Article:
Her “petition” was simple. She would present herself as Elizaveta Kozlova, a prospective governess, and would carry a request for a certificate of conduct, a document required by those who sought to teach children. She bought a plain but respectable new dress and hat. In the seams of her clothes she carefully sewed the initials ek, so that they would be discovered during the police search. Most important, she purchased a voluminous gray shawl that was appropriate for the icy winter weather and large enough to conceal a gun. Through a comrade she obtained a six-chamber English Bulldog revolver—it was powerful, but easy to handle and small enough to be hidden in the folds of her clothing. She told her landlady that she was leaving for Moscow for good and gave instructions on where to send any remaining personal effects.3
Masha’s plan was even simpler. She was to visit the prosecutor Vladislav Zhelekhovskii on the same day. Weeks of surveillance revealed that the prosecutor did not have regular receiving hours, so Masha had to bribe one of his servants to let her into his offices at the appointed time. Like Vera, she planned to hide a revolver under her coat, but she decided not to carry a petition with her. She planned to shoot Zhelekhovskii on sight.4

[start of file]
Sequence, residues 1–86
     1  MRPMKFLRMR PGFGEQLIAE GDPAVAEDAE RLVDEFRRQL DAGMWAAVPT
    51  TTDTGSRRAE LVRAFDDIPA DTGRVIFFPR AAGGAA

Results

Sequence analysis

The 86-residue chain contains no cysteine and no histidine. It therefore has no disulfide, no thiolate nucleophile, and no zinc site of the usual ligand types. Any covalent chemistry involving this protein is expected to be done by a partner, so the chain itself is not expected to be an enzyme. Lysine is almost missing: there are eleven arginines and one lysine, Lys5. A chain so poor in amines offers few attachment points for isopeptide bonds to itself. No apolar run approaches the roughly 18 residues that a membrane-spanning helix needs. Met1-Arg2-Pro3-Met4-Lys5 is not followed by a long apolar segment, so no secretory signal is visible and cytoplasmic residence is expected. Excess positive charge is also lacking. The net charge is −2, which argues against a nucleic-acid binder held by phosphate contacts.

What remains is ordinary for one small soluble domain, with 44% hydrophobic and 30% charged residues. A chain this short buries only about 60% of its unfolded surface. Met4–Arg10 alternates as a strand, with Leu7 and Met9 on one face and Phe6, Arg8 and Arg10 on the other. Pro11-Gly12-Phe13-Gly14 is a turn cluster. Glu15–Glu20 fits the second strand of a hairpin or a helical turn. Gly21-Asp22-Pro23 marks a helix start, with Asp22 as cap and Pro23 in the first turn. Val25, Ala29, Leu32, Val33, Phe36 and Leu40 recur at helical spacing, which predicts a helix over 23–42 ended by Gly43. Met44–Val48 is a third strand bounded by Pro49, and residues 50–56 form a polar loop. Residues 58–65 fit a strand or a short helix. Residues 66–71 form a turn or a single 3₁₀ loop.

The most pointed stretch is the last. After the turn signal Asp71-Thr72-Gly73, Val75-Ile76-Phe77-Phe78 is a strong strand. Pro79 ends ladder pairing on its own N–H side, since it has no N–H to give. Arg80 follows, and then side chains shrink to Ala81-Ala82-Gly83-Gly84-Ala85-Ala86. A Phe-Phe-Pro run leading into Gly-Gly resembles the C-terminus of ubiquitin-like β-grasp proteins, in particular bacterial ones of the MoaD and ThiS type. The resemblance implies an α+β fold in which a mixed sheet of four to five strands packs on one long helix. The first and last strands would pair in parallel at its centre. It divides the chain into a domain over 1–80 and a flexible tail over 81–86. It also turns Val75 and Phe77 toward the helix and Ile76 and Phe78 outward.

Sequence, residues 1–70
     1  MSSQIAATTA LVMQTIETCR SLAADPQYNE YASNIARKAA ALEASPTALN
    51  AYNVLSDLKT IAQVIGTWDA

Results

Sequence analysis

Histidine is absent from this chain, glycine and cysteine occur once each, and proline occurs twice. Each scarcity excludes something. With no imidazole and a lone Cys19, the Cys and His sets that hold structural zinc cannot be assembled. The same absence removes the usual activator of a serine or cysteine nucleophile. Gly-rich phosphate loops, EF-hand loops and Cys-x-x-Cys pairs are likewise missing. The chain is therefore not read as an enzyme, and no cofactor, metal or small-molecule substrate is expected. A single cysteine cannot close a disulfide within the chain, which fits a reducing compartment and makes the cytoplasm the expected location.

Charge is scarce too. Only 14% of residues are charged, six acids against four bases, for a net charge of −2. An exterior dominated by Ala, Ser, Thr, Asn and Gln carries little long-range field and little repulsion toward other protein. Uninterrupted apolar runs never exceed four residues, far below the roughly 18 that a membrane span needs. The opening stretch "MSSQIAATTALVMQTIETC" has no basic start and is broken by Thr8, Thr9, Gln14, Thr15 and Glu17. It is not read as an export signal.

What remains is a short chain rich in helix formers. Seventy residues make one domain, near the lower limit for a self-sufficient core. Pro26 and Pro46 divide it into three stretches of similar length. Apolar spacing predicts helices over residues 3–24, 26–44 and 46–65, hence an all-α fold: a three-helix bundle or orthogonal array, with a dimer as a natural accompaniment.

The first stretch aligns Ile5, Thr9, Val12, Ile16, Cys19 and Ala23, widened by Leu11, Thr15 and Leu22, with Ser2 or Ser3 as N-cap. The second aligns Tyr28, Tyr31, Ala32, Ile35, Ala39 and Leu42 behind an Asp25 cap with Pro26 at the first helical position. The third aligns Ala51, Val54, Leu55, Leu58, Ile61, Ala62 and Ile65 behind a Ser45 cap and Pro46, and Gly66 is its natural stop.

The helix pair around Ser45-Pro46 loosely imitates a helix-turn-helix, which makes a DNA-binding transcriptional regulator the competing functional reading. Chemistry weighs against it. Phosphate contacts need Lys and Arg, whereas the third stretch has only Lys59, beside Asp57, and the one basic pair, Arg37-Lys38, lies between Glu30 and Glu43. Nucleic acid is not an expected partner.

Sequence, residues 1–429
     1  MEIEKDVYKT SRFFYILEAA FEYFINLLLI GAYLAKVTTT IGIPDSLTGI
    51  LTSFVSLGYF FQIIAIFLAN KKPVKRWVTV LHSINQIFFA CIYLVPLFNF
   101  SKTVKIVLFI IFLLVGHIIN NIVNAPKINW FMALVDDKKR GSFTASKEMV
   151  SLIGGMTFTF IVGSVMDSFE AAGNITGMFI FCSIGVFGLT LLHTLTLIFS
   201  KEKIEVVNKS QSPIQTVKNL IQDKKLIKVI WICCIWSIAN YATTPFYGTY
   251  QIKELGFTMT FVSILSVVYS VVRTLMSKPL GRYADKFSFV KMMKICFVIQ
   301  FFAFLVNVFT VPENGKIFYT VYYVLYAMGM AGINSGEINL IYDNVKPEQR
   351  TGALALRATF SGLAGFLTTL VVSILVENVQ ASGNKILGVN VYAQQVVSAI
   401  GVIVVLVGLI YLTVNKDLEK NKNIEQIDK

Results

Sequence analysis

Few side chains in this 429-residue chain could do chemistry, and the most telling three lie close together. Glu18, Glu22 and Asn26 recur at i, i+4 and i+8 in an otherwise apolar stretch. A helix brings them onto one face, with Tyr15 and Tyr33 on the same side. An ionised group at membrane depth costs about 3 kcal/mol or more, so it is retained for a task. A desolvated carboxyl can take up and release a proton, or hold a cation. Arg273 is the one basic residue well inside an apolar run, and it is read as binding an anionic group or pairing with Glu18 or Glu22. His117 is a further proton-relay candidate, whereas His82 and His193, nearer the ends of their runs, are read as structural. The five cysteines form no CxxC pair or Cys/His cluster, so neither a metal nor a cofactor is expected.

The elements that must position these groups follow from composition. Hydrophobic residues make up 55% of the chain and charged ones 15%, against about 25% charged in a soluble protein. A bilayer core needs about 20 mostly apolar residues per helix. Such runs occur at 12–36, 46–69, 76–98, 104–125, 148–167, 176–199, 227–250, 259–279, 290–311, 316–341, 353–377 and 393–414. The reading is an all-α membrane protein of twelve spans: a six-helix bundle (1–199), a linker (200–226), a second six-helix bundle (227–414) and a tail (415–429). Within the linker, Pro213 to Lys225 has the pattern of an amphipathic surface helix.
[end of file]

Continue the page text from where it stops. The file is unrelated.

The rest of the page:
Two simultaneous gunshots, aimed at two government officials, would be fired on the same day. The women had no doubt: January 24, 1878, would be remembered in Russian history.
On the evening of January 23, after the festivities, Vera and Masha returned to Vera’s tiny one-bedroom apartment and made their final arrangements in silence. Vera sat and carefully wrote her formal petition to the governor. Both women laid out their clothing for the next day. Then they went to bed.5
Up until the moment she laid her head on the pillow, Vera had been remarkably calm. This was no last-minute impulse but a long-deliberated decision, and she had no regrets. She was not afraid. She fully expected that the worst consequences would follow her act: imprisonment, exile, even death. Long before this night, she had mentally forsaken everything in her life. Her only desire was to pass through this “transitional state” so that she could embrace her fate.